Magazine article The Spectator

The Conquest of Spin

Magazine article The Spectator

The Conquest of Spin

Article excerpt

Listening to that cheerful chappie Charlie Whelan, Gordon Brown's former spin doctor, on Radio Four on Monday evening, I began to wonder if one day there might be a retirement home for elderly practitioners of this relatively recent black art. One can easily imagine the dialogue.

Charlie looks up crossly from his copy of the Sun and says to Bernard with a chuckle, `Remember that time when I said a tax increase was a tax cut? This lot today, they don't know what spin-doctoring is!' `Oh, yes,' replies Bernard, smoothing the signed but now creased photograph of Margaret Thatcher that he carries everywhere, 'I do. Yes, you got away with that until the lovely Amanda called them stealth taxes: `Ho, ho,' laughs Charlie, full of admiration. `By the way, where's old Hainesey this morning?' `Joe? Young Mandy's come to take him out for the day, to meet the Queen at his stately home.' `Which queen?' demands Charlie, starved of gossip. `The Queen of course. She's nearly 100 now, y'know, and she dotes on him."Oh... I see Spurs lost last night.'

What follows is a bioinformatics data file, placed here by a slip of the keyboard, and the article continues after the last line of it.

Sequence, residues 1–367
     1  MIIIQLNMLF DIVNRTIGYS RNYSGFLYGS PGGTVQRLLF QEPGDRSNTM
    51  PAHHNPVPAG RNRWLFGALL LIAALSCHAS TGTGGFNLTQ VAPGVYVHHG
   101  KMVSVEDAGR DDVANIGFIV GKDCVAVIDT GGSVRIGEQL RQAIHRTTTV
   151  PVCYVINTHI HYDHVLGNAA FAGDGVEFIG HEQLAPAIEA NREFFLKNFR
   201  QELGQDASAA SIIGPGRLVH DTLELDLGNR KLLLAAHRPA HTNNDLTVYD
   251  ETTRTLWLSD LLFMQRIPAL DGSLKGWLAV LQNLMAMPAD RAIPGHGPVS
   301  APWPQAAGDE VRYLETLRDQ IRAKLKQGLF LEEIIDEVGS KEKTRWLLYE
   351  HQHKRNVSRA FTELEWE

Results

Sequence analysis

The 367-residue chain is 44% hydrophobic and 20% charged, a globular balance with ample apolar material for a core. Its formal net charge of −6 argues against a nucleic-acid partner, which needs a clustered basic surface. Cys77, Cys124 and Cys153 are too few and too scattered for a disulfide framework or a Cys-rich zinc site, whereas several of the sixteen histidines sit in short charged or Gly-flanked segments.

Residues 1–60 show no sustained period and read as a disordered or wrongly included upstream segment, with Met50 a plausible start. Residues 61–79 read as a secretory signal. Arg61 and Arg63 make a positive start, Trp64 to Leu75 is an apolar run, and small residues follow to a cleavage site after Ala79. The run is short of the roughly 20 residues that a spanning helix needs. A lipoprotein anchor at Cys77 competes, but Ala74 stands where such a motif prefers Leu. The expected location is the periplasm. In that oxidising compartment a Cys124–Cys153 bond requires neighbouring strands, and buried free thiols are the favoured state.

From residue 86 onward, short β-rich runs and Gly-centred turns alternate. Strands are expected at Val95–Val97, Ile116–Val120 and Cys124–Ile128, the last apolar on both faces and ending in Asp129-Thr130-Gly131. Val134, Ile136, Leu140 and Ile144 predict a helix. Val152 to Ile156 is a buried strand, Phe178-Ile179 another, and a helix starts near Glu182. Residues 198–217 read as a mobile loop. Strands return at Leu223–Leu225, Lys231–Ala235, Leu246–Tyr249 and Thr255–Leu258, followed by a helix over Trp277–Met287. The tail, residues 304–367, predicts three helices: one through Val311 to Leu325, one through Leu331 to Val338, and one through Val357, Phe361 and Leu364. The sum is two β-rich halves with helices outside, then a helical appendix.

Naturally, Why People Hate on Radio Four wasn't exactly like that, but this week's programme was about spin doctors and why they're hated. There was, however, a hint of triumphalism about the conquest of spin doctors over democratic debate and truth. Whelan, the presenter, and now a media figure, still can't understand why people dislike spin doctors, asking himself, `Was I really so bad? Was I more spinned against than spinning?' Who knows? And who cares about the paid liars? We don't elect the Whelans and Alastair Campbells. Ian Hislop, though, the editor of Private Eye, said, `Spin doctor is just a synonym for propagandist at best and liar at worst.' He thought that, ultimately, Tony Blair was the real spin doctor, with or without Campbell. He didn't think the Tories were very good at it. But organised lying is more difficult than it seems. With Labour, as always, the end justifies the means; Conservatives generally don't think like that which is why, on the whole, the Tories lack the will or expertise.

Whelan interviewed Neil Kinnock who is thought to have started the modern spindoctor trend along with Peter Mandelson. Kinnock was still keen to claim the credit for Labour's Red Rose, attributed to Mandelson at the time of the 1992 election, which, we must remind ourselves, Labour lost. He was proud to have come up with the idea himself. …

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